Should we give to beggars?

Recently I received an email with the following question:

Should we give to beggars? I've seen a surprising number on street corners in Indy, all with cardboard signs.

On the one hand, I think of: "Give to him who asks of you, and do not turn away from him who wants to borrow from you." - Matthew 5:42

There's also: "For even when we were with you, we used to give you this order: if anyone is not willing to work, then he is not to eat, either." - 2 Thessalonians 3:10

This is an excellent question, and I want to answer it publicly. 

In Thessalonians, Paul is more specifically talking about the church supporting insiders financially, whether pastors or others. However, his basic principle is obviously broader. We see a similar principle in Proverbs: "The sluggard does not plow after the autumn, So he begs during the harvest and has nothing." - Proverbs 20:4. 

In Matthew, the context is more specifically about dealing with enemies and people who are making unjust demands upon us. But again, it is clearly applicable to the question of beggars. And we have other verses that are similar as well: “For the poor will never cease to be in the land; therefore I command you, saying, ‘You shall freely open your hand to your brother, to your needy and poor in your land.’" - Deuteronomy 15:11.

So there is a tension that we have to address. That tension is the tension of using discernment. In other words, there isn't a hard and fast rule that we can follow. Instead, there are principles, and those principles have to be applied with wisdom to the unique circumstances that we face. 

Here are the principles. We must not reward sin of any sort, including laziness. We are to love our enemies. We are to love the poor and needy. Therefore, certainly we are to love our poor and needy enemies. Now, maybe you're wondering why I would imply that homeless beggars are our enemies, but I'm simply trying to be realistic. That's the attitude many people have towards them. We lock our car doors when we come up to a stoplight with a beggar. We complain about how they don't work, but we pay taxes and they live off of us. If that's not the way that you feel, great, but many people do. Regardless, we are commanded to love them.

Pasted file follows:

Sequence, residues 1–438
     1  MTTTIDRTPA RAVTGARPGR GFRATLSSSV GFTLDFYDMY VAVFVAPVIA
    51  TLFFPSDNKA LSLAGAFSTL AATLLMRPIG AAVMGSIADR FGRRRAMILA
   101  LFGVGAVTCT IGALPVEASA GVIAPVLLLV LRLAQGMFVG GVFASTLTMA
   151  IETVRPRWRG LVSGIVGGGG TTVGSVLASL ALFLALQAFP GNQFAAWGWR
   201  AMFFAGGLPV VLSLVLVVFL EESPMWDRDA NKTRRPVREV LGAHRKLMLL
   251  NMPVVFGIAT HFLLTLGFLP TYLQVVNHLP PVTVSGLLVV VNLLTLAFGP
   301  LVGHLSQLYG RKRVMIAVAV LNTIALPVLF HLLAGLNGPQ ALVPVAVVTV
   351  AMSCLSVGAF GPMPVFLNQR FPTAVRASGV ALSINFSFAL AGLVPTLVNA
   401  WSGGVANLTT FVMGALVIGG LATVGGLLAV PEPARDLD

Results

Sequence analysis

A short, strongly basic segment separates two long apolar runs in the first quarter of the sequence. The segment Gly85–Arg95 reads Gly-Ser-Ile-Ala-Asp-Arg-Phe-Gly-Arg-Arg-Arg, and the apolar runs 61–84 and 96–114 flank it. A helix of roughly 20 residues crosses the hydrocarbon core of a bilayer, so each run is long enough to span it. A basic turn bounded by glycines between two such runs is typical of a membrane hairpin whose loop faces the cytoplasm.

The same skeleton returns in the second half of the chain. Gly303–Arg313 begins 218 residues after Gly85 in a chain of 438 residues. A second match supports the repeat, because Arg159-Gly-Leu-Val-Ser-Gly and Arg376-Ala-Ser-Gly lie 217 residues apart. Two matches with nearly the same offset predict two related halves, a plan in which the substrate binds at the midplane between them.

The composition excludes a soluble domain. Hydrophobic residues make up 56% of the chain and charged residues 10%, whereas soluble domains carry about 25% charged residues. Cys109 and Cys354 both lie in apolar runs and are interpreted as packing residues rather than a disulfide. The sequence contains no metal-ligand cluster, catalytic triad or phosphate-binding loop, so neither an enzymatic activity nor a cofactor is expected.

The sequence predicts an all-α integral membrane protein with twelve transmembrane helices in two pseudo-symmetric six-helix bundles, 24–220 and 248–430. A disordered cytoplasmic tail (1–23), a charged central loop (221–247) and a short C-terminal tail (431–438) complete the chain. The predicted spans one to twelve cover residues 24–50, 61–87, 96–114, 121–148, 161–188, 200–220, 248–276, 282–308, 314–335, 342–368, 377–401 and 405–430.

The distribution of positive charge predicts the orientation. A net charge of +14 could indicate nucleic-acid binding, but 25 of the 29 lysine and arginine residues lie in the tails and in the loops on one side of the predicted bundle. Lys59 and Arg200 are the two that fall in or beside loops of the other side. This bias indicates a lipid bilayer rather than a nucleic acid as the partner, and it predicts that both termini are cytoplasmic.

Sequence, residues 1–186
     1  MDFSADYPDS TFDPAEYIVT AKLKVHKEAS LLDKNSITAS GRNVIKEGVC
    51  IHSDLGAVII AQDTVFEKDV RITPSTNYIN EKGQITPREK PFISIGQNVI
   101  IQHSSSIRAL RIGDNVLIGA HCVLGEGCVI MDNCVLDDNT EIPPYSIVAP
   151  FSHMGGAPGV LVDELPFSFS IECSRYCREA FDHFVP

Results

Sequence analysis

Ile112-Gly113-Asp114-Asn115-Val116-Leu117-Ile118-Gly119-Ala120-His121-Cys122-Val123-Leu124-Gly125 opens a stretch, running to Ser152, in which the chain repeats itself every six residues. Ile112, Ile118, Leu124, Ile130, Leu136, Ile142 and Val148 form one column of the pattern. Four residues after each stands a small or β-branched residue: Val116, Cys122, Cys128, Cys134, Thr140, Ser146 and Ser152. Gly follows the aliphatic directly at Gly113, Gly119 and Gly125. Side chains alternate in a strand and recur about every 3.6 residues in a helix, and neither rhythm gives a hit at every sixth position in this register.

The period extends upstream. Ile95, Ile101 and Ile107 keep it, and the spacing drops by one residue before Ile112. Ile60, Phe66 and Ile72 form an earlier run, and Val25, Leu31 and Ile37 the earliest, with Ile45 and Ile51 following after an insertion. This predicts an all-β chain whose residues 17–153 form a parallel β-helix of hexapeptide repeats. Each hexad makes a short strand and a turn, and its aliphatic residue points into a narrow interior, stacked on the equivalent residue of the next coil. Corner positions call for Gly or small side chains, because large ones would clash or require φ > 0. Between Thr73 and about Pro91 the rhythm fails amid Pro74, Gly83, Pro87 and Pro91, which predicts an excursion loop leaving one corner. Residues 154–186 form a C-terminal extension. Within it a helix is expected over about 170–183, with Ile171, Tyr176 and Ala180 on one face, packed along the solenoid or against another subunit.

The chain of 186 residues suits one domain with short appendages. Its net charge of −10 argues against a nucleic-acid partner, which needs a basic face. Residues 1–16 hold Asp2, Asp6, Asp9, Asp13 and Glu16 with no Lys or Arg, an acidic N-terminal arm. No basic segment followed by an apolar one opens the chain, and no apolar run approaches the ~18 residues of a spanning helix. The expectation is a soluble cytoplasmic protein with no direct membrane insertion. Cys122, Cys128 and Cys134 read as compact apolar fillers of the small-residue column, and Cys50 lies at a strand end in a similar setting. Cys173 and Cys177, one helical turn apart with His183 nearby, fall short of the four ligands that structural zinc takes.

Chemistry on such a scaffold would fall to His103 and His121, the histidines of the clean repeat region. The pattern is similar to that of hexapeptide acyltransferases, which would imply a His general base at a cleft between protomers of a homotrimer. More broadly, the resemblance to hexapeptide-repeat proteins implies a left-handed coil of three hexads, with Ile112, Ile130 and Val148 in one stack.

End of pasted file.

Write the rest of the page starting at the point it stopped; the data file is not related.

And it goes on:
So how do we apply these principles today? It starts by not ignoring the homeless. I'm generally opposed to giving cash to a beggar. I've spoken with people who work directly with homeless people in three different countries: Canada, the USA, and Ethiopia. I've also read people familiar with the homeless situation in this very city of Indianapolis. Everybody says the same thing, and they are very explicit in this: Don't give cash to beggars. It exacerbates the problem, because it teaches them that it pays good money not to work, and it demotivates the homeless who aren't out begging but are trying to find work. In other words, it isn't loving. 

However, who loves the beggar more, the man who gives him a couple of dollars, or the man who never does anything for the homeless, and won't meet their eye when they ask for money? It's easy to be self-righteous and to think highly of yourself because you don't give beggars money, but I refuse to give you a religious reason for your selfishness with your money. I didn't say it was loving to ignore the homeless beggar. I said it was not loving to give him cash. 

So how can we actually love them? Any ideas?

Image thanks to Eli Christman.

Comments

Give them time

I quit giving cash years ago. It disappoints all I've encountered. But it's opened up a whole new world to me of real help. Here's what I do sometimes but only too rarely.

Take them out for a meal, take them shopping for food or critical items. Take time to talk with them, listen to them. It's okay to explain why you refuse certain requests.